Young Thug at computer
Back in 2018 a photo surfaced of the rappers Young Thug and Lil Durk staring at a computer screen while working on new music in the studio. The internet quickly began finding humorous (and fabricated) explanations for what the two were so intently concentrating on, everything from the rappers planning an elaborate heist to playing old school games like minesweeper.
First World problems
While the “First World” terminology has been around for a while, the hashtag #firstworldproblems reached its peak in popularity on Twitter in 2011 after Buzzfeed posted a series of memes about problems experienced by privileged people from wealthy countries. The meme almost always depicts an attractive person looking sad, with a caption explaining his or her First World frustrations.
Change my mind
After Steven Crowder, a conservative podcaster, posted a photo of himself in 2018 sitting at a desk with a sign saying “Male privilege is a myth: Change my mind,” it was almost too easy for the internet to begin making fun of him with memes of their own. Memes ranged from simply changing the words on the sign to elaborate photoshops.
Drake has been the subject of several different memes throughout his long career. His 2015 single “Hotline Bling” was one of the biggest songs of the year, and when the music video came out featuring Drake dancing in a brightly lit cube structure the memes began to accumulate even more. Since then the internet has memed everything from his Twitter posts to school portraits.
Is this a...?
The “is this a pigeon” meme first rose to popularity in 2011 after Tumblr posted a photo from a Japanese animated show of an android mistaking a butterfly for a pigeon. Most of the memes derived from the photo use the subjects to express modern confusions or paranoia.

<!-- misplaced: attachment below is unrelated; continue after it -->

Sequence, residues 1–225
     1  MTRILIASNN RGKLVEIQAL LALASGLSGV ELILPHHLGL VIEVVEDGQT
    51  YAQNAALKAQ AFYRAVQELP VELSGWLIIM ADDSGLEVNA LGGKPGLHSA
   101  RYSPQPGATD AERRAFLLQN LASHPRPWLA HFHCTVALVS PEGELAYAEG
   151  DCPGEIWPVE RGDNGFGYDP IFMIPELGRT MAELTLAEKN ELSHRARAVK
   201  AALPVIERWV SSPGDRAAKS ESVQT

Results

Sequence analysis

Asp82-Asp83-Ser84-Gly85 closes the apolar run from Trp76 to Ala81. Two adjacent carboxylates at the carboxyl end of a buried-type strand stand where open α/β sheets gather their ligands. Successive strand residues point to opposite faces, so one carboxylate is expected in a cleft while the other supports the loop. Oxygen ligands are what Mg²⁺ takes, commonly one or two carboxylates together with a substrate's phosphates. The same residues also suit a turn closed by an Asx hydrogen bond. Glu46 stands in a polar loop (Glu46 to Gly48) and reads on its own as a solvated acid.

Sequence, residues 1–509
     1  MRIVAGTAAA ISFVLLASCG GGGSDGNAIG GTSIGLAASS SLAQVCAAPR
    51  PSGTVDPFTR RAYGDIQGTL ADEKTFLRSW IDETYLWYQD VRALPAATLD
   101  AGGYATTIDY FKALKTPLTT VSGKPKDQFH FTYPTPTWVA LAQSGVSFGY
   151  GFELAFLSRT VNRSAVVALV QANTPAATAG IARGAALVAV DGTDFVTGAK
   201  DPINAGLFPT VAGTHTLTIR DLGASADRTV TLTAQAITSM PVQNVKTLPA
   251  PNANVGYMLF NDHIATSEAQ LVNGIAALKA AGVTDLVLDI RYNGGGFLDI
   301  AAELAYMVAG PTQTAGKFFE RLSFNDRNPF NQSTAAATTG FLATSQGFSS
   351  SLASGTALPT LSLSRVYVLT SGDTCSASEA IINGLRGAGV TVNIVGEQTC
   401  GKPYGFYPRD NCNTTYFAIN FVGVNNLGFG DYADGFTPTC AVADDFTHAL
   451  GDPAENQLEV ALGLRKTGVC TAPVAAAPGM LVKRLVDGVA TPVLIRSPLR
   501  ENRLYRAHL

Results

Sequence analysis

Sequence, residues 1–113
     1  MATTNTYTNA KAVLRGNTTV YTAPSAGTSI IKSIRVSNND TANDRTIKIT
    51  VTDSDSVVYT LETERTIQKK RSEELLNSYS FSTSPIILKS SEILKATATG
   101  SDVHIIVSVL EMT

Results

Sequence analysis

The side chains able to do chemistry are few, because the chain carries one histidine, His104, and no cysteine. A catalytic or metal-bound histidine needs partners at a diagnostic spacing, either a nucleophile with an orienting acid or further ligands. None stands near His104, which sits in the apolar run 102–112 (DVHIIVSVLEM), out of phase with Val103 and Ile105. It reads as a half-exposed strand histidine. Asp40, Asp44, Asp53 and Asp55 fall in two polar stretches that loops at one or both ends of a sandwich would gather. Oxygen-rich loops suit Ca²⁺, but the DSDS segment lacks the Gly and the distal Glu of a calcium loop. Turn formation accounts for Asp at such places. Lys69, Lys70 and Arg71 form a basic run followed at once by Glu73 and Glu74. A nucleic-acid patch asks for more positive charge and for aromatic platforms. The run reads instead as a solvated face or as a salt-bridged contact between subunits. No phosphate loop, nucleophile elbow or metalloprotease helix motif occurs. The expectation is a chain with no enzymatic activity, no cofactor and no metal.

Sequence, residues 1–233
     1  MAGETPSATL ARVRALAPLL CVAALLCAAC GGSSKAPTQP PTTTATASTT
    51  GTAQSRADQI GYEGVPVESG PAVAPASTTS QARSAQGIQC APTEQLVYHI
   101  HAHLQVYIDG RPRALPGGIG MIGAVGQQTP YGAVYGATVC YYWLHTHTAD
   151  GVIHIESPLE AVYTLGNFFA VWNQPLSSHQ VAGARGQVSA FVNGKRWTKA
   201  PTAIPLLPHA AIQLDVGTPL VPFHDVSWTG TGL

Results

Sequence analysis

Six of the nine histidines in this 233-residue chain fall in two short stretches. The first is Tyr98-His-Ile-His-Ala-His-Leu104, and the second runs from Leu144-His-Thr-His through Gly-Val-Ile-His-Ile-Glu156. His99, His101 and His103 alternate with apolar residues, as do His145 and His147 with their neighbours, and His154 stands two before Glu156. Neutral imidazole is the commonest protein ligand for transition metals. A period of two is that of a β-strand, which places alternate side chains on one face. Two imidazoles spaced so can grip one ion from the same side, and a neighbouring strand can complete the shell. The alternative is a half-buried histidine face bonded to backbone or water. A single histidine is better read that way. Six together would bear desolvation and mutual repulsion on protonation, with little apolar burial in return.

Real name Google searches
“Real name Google searches” is a meme that gained popularity in 2018 using the generic google template to depict made-up names for popular celebrities (usually those who go by aliases). According to Know Your Meme, it first appeared showing the rapper Lil Pump's name as “Lilliam Pumpernickel” and only got more ridiculous from there.
“Futurama Fry” is one of the most relatable memes on the web. One popular meme, which began in 2011, shows the character Fry from the animated show “Futurama” with eyes narrowed thinking about contradicting questions usually referring to modern times or sarcasm. Another is a generic photo with the same character holding cash yelling “shut up and take my money,” used for when someone finds the description of a product on the internet particularly appealing.
Weird flex but OK
The phrase “weird flex but OK” is used when someone brags about something that others would find awkward or just plain irrelevant. The phrase began showing up on the internet in 2017 and has continued to be used in response to awkward boasts. One of the most popular uses of the meme was during the recent Brett Kavanaugh hearings after he used his high school virginity as an argument.2018 All rights reserved.